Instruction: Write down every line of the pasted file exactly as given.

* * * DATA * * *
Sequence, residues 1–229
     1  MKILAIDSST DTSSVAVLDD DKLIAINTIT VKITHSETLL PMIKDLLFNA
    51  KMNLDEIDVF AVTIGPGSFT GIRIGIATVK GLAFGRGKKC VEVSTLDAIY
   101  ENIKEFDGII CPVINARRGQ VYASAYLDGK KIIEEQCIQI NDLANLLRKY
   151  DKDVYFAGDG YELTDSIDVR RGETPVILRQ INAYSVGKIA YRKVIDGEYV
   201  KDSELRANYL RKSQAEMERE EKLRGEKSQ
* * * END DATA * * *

Sequence, residues 1–229
     1  MKILAIDSST DTSSVAVLDD DKLIAINTIT VKITHSETLL PMIKDLLFNA
    51  KMNLDEIDVF AVTIGPGSFT GIRIGIATVK GLAFGRGKKC VEVSTLDAIY
   101  ENIKEFDGII CPVINARRGQ VYASAYLDGK KIIEEQCIQI NDLANLLRKY
   151  DKDVYFAGDG YELTDSIDVR RGETPVILRQ INAYSVGKIA YRKVIDGEYV
   201  KDSELRANYL RKSQAEMERE EKLRGEKSQ